To make a long story short my friend took a lesson from the Godfather movies and “made me an offer I couldn’t refuse”. I am now a COMFRAME employee! The work is very exciting, I’ll be an architect on a BI project that is using Silverlight 3 for it’s front end. We are working with data from Microsoft Project, not only that but it’s the world’s biggest implementation of Project Server, so I’ll get to work with the fine folks at Microsoft even more closely. We’re also a Microsoft Partner, which will give me new avenues for relationships that will compliment my MVP.

I got to meet the customer this week, although brief they seemed very easy to work with, and nice as well. I also got to meet the development team I’ll be working with, I’m impressed with the work they’ve done so far and can’t wait to roll up my sleeves and dive in.

I’ve had a crazy time wrapping up my old job and starting my new one, hopefully I can get back to regular blogging soon. I’ve been doing a lot with SSIS and SSAS which will give me lots of good material to talk about, not to mention any Silverlight 3 work I get to explore.

SSIS For Developers at CodeStock 2009

At the 2009 CodeStock event I am presenting SQL Server Integration Services for Developers. This class will demonstrate tasks commonly done by VB.Net or C# developers within SQL Server Integration Services.

The sample project and documentation for the lab can be found on the code gallery site at http://code.msdn.microsoft.com/SSISForDevs .

BSDA Presentation on Visual Studio Database Edition

Last week I did a presentation at the Birmingham Software Developers Association on generating sample data using Visual Studio Database Edition, often called by it’s code name of “Data Dude” for short.  You can find my original posting, which has links to the code gallery site at http://arcanecode.com/2009/04/02/sql-server-sample-data-the-sql-name-game/ .

During my presentation I was using Visual Studio Team System 2008 Database Edition GDR R2, which you can find here: http://www.microsoft.com/downloads/details.aspx?FamilyID=bb3ad767-5f69-4db9-b1c9-8f55759846ed&displaylang=en 

This update assumes you have Visual Studio Database Edition installed. Most developers with an MSDN license have the Development Edition installed on their PC. When Microsoft announced the Database and Development products would merge in the Visual Studio 2010 product, they made the Development Editions of Visual Studio 2005 and 2008 available via MSDN. Go check your MSDN, and see if you have “Data Dude”. If so download and install it, then download and install the GDR R2 update from the link above. These will add new menus and tools to your Visual Studio environment.

Most notably you’ll look at the Data menu. there are menu options for Schema Compare and Data Compare. These will allow you to setup comparisons between a source and target for schemas or data.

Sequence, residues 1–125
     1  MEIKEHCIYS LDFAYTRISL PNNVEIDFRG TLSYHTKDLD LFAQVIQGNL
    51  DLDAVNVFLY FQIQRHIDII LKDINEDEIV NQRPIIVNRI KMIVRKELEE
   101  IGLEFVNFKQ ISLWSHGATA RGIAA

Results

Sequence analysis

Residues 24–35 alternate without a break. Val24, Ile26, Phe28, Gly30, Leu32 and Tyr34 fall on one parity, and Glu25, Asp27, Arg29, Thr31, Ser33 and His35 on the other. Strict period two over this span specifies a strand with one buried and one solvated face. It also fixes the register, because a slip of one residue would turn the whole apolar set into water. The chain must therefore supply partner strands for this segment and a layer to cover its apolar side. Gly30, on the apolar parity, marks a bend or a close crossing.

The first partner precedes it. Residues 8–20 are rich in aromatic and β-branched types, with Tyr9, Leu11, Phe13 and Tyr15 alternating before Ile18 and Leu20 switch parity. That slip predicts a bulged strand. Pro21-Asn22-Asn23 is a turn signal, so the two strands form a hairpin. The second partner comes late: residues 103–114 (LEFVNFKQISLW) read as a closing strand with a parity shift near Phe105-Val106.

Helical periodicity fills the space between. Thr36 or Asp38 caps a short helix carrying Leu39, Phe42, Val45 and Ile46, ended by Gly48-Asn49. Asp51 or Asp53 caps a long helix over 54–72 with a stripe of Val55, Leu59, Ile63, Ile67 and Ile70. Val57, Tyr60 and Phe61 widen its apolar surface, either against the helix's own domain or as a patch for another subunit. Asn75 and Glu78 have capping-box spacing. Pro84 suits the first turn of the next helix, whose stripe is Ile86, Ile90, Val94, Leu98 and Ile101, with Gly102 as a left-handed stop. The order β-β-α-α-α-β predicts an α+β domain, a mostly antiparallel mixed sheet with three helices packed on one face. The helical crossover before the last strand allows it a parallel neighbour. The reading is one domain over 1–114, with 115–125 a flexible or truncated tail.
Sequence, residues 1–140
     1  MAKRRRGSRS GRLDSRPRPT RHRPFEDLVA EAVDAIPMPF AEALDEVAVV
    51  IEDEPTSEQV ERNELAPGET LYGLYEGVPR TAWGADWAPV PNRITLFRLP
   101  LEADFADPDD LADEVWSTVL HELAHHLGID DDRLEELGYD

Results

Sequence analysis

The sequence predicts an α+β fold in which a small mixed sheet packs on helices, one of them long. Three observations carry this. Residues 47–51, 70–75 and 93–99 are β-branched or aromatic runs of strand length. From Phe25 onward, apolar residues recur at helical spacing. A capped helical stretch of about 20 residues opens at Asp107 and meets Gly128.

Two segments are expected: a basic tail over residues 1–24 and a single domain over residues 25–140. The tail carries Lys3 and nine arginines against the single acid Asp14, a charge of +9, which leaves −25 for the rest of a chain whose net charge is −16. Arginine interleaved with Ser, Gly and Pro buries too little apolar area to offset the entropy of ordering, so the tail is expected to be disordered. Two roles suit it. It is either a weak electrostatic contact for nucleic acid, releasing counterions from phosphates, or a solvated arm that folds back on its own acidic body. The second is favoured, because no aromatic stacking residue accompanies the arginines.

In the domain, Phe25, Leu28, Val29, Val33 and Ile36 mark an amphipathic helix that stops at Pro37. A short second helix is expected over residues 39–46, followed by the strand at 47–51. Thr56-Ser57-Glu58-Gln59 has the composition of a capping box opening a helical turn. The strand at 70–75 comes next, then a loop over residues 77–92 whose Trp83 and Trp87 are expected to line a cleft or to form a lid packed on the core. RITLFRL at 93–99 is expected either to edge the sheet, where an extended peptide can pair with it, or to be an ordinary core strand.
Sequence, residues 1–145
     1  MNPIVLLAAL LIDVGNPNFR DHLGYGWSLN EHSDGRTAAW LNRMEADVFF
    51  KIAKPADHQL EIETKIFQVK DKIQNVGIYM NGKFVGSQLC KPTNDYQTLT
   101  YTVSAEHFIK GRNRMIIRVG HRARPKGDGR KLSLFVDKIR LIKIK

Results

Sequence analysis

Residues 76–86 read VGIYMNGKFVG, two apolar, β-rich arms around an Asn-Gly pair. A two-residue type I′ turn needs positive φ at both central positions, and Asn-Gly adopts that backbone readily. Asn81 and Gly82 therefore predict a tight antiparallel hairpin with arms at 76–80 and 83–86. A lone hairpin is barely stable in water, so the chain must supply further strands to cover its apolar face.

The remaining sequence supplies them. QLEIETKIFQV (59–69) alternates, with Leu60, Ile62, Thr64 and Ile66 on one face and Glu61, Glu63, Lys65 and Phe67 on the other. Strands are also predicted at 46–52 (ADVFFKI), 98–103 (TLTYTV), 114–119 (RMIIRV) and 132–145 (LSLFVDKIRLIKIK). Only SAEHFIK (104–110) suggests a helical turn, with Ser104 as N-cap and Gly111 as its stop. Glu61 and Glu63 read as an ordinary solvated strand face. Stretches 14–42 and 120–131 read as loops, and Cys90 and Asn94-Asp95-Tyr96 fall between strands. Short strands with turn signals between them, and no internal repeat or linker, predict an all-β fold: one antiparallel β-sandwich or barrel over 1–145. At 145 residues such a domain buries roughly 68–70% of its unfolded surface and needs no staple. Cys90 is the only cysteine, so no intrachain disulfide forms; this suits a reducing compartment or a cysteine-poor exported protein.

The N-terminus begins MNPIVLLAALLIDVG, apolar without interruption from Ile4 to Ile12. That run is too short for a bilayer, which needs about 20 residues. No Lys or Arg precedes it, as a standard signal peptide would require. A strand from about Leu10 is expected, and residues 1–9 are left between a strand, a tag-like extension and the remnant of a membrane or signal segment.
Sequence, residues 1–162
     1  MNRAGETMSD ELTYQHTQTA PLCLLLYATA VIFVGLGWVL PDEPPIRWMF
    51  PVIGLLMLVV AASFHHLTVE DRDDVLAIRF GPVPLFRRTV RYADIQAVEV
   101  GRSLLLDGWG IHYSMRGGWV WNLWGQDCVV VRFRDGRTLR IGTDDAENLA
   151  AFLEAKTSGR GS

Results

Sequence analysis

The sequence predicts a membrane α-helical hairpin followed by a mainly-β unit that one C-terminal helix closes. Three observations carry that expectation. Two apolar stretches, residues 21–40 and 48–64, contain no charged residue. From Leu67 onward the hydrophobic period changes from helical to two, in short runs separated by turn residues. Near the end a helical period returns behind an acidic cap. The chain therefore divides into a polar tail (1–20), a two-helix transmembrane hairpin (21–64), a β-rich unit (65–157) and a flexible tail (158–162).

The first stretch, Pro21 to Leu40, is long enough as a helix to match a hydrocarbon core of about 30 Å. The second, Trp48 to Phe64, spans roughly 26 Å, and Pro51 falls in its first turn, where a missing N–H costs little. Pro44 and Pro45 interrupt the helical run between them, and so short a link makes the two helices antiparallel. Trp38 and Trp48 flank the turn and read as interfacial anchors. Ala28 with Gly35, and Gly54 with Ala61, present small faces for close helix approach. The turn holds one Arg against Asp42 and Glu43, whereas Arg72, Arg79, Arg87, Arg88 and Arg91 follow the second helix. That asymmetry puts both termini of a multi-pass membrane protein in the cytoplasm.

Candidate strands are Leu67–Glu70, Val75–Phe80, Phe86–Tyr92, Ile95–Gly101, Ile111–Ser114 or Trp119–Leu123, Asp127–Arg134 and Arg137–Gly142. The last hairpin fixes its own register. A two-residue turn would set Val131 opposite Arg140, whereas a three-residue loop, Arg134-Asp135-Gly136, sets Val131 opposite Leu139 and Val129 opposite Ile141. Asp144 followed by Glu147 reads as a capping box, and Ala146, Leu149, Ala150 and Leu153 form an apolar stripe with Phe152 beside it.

Big Thinkers – Andy Warren

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I’m devoting this week to “Big Thinkers”. I want to highlight individuals who challenge my thought processes and cause me to think about my profession, my methodologies, and force me to reflect on my skills. Some of these individuals I have the privilege of knowing personally, others I have only known via Podcasts or Twitter. I’m hoping that by highlighting these Big Thinkers you too will be challenged to grow and evolve in your craft. Last week was focused on individuals in the development community, this week will focus on the SQL Server realm.

Rather than “Big Thinker”, I think the label “Big Do-er” may be more accurate when it comes to today’s selection. Andy Warren maintains a blog at SQL Server Central (and was also one of its founders), and runs End to End Training out of Orlando FL. He also had a vision for training videos that were short in duration (roughly five minutes) and very focused on a single subject, hence he created JumpstartTV.

His biggest contribution to the community perhaps centers around SQL Saturday. Andy saw the success around code camps, events where developers could congregate on a Saturday and take free community based training. At the same time he recognized some of the difficulties around them. They tended to be hard to find, without a standard look and feel to their websites. There was also a hurdle for people wanting to put on a code camp for the first time. Andy decided to act.

He created SQL Saturday.com, a centralized website where anyone wishing to put on a SQL Saturday could advertise their event, handle registrations, schedules, and speakers. He created a guide for event planners, to give them a checklist for their event. Speaking from personal experience, I know we followed the guide closely and found it very valuable when our group held SQL Saturday 7 recently. Finally Andy throws himself into the event as well, appearing personally at as many SQL Saturdays as humanly possible.

Truly Andy is the shining example of “one man can make a difference” and I can but hope my own contributions will come anywhere close to Andy’s.

Big Thinkers – Brent Ozar

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I’m devoting this week to “Big Thinkers”. I want to highlight individuals who challenge my thought processes and cause me to think about my profession, my methodologies, and force me to reflect on my skills. Some of these individuals I have the privilege of knowing personally, others I have only known via Podcasts or Twitter. I’m hoping that by highlighting these Big Thinkers you too will be challenged to grow and evolve in your craft. Last week was focused on individuals in the development community, this week will focus on the SQL Server realm.